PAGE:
In recent years we’ve expanded our partnerships outside the Middle East, primarily to North and sub-Saharan Africa. Last month we met with representatives from Viet Tan at our office in Portland, Oregon. This week Viet Tan brought StoryMaker to Singapore for a three-day workshop to train a cross-section of about 20 activists and citizen media makers.

For me the participants and Viet Tan’s goals are the most interesting aspects of the training. The participants may be citizen journalists, but many are expected to work as activists and advocates for democratic change. At most SWN workshops the participants typically have a homogenous goal, a unifying element. In the case of Viet Tan’s workshop, their aim is to support a broad swathe of Vietnamese citizens to learn to tell better stories.

This is an interesting distinction in Vietnam, because the only Vietnamese considered professional  “journalists” are those working for the State press agency. In Vietnam, unlike elsewhere in the world, individuals call themselves citizen journalists when they intend to act in similar capacity as independent journalists. One of the trainees in Singapore told LOA.fm that citizen journalists have access to stories not told by foreign press or Vietnamese state media.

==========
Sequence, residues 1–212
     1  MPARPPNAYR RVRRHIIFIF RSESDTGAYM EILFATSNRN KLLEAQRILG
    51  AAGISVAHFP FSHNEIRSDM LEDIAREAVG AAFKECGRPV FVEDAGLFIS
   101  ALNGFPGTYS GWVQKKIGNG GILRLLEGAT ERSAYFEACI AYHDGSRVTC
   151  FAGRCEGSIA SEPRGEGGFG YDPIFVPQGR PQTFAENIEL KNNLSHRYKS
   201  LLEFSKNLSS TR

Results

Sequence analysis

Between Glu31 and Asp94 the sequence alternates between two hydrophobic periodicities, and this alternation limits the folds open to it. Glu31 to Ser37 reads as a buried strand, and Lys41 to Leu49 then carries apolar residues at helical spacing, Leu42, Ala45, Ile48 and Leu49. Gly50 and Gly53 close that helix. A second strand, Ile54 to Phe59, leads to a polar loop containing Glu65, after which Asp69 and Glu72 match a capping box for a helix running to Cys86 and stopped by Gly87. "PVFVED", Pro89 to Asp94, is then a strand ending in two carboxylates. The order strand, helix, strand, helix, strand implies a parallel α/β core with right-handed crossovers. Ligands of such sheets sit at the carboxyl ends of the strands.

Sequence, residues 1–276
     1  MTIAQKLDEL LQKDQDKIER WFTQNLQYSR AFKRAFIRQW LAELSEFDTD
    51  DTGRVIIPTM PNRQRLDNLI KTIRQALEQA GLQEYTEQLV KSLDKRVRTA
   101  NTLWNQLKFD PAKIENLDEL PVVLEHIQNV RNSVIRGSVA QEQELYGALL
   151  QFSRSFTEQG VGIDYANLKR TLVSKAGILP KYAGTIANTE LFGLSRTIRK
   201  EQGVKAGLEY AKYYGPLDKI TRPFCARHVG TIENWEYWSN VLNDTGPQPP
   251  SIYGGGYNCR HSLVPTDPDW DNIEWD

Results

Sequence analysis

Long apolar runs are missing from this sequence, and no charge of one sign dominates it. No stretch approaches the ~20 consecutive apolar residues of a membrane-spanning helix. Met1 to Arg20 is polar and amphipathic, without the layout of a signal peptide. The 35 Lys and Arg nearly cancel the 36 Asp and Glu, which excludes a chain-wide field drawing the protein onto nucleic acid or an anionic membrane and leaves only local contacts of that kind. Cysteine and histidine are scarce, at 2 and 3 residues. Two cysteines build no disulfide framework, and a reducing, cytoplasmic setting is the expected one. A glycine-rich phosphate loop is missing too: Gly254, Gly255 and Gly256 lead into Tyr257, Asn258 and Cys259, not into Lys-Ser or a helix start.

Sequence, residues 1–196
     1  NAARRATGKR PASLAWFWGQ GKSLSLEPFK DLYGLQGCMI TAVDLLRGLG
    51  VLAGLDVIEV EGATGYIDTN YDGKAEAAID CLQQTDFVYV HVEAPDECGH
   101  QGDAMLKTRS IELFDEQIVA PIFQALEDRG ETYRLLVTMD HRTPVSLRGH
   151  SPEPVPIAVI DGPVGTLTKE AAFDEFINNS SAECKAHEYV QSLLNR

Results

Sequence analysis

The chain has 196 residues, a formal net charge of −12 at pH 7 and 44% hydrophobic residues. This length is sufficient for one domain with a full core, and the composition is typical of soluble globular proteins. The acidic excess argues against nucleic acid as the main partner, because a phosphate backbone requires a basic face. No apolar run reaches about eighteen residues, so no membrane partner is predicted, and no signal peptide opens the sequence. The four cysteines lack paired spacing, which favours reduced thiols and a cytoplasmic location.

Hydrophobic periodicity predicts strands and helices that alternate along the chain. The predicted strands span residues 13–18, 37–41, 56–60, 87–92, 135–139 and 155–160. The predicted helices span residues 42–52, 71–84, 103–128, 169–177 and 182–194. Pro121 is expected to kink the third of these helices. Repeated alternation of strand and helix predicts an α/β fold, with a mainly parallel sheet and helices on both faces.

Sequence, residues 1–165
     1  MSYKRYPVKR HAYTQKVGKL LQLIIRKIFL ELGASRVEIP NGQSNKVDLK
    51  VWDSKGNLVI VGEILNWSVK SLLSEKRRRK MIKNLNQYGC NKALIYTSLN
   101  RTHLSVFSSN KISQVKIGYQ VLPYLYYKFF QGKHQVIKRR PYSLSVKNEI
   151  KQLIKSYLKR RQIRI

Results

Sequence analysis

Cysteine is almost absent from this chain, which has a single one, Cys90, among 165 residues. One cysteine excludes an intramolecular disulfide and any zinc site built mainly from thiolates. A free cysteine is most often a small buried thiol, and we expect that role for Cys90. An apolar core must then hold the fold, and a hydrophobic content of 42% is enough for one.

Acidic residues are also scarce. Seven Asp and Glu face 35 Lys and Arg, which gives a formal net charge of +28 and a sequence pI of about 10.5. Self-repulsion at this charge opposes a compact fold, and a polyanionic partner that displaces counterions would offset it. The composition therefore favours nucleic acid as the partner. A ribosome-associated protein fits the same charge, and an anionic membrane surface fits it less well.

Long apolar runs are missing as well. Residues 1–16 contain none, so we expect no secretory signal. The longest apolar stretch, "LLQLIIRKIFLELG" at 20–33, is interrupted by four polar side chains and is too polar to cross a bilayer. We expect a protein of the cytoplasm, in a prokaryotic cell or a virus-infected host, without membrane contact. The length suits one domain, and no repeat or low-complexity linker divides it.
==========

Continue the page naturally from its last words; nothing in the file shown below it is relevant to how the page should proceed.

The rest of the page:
Hạ Vũ, a self-described social activist, working with single mother says “I want to tell the story of single mothers in Vietnam, and how difficult it is living with very little support from the Communist government. And from that, we hope that we can have some advice from outsiders, so that we can help them how to have a better life in the future.”

We believe StoryMaker provides a great opportunity for journalists and activists in Vietnam, and are excited to see their stories. The project is getting attention within Vietnam’s media community. We’ll be sure to share stories as they appear.

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Link: http://smallworldnews.com/blog/what-makes-a-journalist-in-vietnam